Let me pull back the curtain on some of the latest: My trusted and reliable source, Deep Pockets, rolled back into town and informed me (as he’s always done) that Alibaba’s president Michael Evans went about building a contemporary art collection with all the obvious protagonists (Richard Prince, Christopher Wool, Jeff Koons) fostering relationships with dealers, artists, and museums alike. Then he decided to dump the lot full stop (other than his Calders) with Christie’s. Was he disillusioned, does he know something we don’t?
A portion of the recent market uptick has been the result of specialists enticing collectors to sell what they don’t want to part with to buy what they don’t know they want. Take for example Dan Sundheim of Viking Global hedge fund, the seller of Wool, Prince, Tauba Auerbach, Andy Warhol, Jean-Michel Basquiat, among others not for the dough but to pay for a mega recent Twombly purchase. Art apples traded for art oranges.
Richard Prince had a stellar week with big bucks bang, but someone who didn’t do as well was the mug that sold Runaway Nurse, despite making a record $9,685,000 at Christie’s evening sale. Word on the street was that the collector snagged the painting directly from the artist only a short time ago for a rumored $15 million, probably while wading in the sea in St. Barts, which for a fact the artist has been wont to do. That’s called a haircut, of extreme order.
Since the high octane evening auctions have been done to death, I will instead focus on the strongly performing day sales, an elucidating window into the sentiment of the mid-market, the art world’s bread and butter. In these anxious and uncertain times, taking into consideration my karmic wellbeing, I’ve determined to seek out the positive so will overlook the Phillips sale altogether and wonder if they might be better served focusing exclusively on watches and design. But before that, this…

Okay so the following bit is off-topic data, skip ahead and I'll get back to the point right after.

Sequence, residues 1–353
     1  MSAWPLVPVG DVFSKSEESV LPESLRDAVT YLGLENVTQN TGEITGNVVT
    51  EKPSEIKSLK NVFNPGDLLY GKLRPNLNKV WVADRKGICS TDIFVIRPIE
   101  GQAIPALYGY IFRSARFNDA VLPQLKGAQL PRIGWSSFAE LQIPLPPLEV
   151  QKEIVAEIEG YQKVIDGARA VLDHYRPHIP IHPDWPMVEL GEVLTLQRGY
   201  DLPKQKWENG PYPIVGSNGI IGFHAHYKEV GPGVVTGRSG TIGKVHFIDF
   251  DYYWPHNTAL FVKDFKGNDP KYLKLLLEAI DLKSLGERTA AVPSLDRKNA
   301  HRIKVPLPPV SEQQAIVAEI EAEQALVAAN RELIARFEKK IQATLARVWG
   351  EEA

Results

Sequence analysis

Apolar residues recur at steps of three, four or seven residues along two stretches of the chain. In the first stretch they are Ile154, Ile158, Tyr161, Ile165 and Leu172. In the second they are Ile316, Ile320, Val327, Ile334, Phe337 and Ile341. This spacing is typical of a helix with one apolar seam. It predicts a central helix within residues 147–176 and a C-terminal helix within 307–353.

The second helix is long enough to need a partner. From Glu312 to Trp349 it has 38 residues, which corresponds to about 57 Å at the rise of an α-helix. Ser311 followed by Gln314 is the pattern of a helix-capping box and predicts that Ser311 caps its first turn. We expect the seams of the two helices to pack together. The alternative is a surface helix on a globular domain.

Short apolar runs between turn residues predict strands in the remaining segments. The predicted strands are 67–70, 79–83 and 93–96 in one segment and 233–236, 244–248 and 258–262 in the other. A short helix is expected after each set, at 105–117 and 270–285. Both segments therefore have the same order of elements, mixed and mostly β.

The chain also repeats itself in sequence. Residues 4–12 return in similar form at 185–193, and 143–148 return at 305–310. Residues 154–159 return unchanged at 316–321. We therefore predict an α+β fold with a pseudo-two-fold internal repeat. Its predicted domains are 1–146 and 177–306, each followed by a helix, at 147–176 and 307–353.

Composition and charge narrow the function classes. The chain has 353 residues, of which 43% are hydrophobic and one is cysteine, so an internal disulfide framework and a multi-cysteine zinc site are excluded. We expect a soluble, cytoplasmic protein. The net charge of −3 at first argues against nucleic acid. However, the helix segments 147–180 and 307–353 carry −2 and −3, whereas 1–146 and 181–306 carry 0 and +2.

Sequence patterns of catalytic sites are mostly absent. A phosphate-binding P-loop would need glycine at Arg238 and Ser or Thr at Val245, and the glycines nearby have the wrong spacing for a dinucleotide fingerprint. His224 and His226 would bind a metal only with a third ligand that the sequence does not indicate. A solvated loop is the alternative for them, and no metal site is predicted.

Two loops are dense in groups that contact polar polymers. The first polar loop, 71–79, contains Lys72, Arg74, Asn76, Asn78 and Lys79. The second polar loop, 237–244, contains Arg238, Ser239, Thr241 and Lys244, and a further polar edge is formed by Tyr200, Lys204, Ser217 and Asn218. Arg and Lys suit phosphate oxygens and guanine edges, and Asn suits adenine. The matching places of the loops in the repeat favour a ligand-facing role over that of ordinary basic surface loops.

No one expects incoming President Trump to retain holdovers from Obama’s administration. Massive is too small a word to accurately describe the scale of personnel turnover after Amy Cappellazzo stepped into the fold as Chairman and Executive Vice President of Sotheby’s, after the acquisition of her firm, Art Agency Partners. The cumulative years of experience of the Sotheby’s defectors exceeded the age of the Rolling Stones. It was like a neutron bomb went off and no man or woman (or specialist, even) was left standing, a scorched earth.
Amy in trouble translates into a kinder, gentler Amy and in that vein I got a surprisingly breezy, unexpected phone call last month that lasted for nearly an hour; trying to spin me no doubt. Yikes. Initially I thought I was getting pranked, not to mention I hate speaking on the phone, more so when being called an “important voice on the art market.” I didn’t realize the breadth of my writing—it felt like being in the core of nuclear reactor. With four kids and a less than tolerant wife (I am sure you can feel for her) I’m not used to being glad-handed. Admittedly, I don’t envy her (Amy or my wife).